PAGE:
New evidence supports theory that we don't make decisions consciously

October 9, 2022

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New evidence supports theory that we don't make decisions consciously

No matter how much evidence science brings to refute the idea of conscious free-will policymakers, politicians, managements and leaders—not to mention the general public—still cling to the idea that we somehow “consciously” make up our mind about things. We feel we can somehow objectively weigh the pros and cons of a decision and arrive at a rational conclusion.

But what do we mean by “conscious decision-making?” Or even, for that matter, consciousness?

In scientific terms, consciousness is your awareness of yourself and the world around you. This awareness is subjective and unique to you. Virtually all animals have a consciousness. A battery hen, for example, is aware of her abysmal surroundings and her place in them.

Medical researchers have now developed a new theory of consciousness, explaining why it developed, what it is good for, which disorders affect it, and why dieting (and resisting other urges) is so difficult.

What the researchers say: “In a nutshell, our theory is that consciousness developed as a memory system that is used by our unconscious brain to help us flexibly and creatively imagine the future and plan accordingly,” explained the lead author. “What is completely new about this theory is that it suggests we don’t perceive the world, make decisions, or perform actions directly. Instead, we do all these things unconsciously and then—about half a second later—consciously remember doing them.”

He explained that the researchers developed this theory to explain a series of phenomena that could not be easily understood with prior theories of consciousness.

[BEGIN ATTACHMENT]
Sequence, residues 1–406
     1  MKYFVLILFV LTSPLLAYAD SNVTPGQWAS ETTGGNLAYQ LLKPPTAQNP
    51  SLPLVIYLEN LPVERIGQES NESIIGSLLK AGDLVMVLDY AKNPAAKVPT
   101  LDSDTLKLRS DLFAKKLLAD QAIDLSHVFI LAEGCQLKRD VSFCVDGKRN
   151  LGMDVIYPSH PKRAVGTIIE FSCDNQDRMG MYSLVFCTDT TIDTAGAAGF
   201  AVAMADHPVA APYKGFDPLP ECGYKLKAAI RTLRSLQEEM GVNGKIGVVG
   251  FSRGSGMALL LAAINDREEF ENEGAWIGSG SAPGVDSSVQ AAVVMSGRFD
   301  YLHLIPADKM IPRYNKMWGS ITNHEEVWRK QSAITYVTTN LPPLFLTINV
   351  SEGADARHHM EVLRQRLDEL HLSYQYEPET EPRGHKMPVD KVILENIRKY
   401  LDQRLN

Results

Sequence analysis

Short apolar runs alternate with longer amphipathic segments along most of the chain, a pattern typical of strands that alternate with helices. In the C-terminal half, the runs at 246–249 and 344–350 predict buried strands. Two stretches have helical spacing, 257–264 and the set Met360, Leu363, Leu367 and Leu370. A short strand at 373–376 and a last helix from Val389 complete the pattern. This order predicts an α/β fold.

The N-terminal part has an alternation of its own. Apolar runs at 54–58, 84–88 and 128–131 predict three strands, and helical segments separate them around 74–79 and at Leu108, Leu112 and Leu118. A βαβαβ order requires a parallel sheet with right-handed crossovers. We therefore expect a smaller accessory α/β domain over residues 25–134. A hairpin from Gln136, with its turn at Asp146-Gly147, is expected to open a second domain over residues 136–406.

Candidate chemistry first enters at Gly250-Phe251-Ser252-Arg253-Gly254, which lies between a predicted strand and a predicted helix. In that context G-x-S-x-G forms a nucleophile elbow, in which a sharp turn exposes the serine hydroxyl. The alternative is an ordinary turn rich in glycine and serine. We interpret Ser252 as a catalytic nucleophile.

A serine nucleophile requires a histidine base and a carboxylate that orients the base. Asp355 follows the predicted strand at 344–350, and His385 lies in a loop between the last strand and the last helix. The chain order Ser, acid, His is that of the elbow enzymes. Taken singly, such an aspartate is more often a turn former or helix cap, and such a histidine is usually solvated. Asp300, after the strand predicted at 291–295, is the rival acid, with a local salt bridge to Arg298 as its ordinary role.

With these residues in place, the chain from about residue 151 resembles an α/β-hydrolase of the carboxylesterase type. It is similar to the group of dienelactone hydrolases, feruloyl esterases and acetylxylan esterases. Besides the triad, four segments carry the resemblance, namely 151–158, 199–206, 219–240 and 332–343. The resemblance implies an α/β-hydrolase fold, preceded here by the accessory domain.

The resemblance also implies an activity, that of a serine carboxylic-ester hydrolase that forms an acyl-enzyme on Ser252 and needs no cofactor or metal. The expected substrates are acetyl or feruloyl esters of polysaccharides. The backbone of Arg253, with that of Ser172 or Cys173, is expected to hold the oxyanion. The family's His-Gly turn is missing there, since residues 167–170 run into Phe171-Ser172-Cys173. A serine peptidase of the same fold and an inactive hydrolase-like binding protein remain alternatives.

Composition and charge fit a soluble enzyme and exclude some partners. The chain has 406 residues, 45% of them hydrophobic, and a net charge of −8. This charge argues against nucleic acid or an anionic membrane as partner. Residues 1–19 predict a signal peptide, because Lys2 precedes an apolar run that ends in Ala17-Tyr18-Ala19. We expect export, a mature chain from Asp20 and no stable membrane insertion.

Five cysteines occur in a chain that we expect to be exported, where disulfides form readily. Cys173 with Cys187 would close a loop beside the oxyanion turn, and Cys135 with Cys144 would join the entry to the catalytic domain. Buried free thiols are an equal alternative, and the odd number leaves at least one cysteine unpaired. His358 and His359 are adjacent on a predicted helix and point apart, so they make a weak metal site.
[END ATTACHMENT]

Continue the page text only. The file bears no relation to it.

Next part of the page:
“We knew that conscious processes were simply too slow to be actively involved in music, sports, and other activities where split-second reflexes are required. But if consciousness is not involved in such processes, then a better explanation of what consciousness does was needed,” the scientists said.

According to them, this theory is important because it explains that all our decisions and actions are actually made unconsciously, although we fool ourselves into believing that we consciously made them. So, we can say to ourselves, we’re just going to have one spoonful of ice cream and, the next thing we know, the container is empty—because our conscious mind is not controlling our actions. “Even our thoughts are not generally under our conscious control. This lack of control is why we may have difficulty stopping a stream of thoughts running through our head as we’re trying to go to sleep, and also why mindfulness is hard,” they added.

The researchers consider a number of neurologic, psychiatric, and developmental disorders to be disorders of consciousness including Alzheimer’s disease and other dementias, delirium, migraine, schizophrenia, dissociative identity disorder, certain types of autism and more.

Lastly, their paper provides a roadmap as to how clinicians, educators and individuals can best improve behavior and gain knowledge, by using clinical and teaching methods that can be effective in shaping both the conscious mind and the unconscious brain. With further exploration, this work may allow patients to improve problem behaviors such as overeating, help us understand the ways in which brain structures support memory, and even provide further insight into philosophical issues around free will and moral responsibility.

The findings appear online in the journal Cognitive and Behavioral Neurology.

So, what? I told you so! Often!

Given the various neurological, biological, contextual and experiential conditions surrounding any decision it has always seemed to me that in order for humans to have survived “in the wild” decisions had to be an automatic and unconscious process of collecting data and acting on that accumulated data. Conscious decision making would simply take too long for survival.

Dr Bob Murray

Bob Murray, MBA, PhD (Clinical Psychology), is an internationally recognised expert in strategy, leadership, influencing, human motivation and behavioural change.

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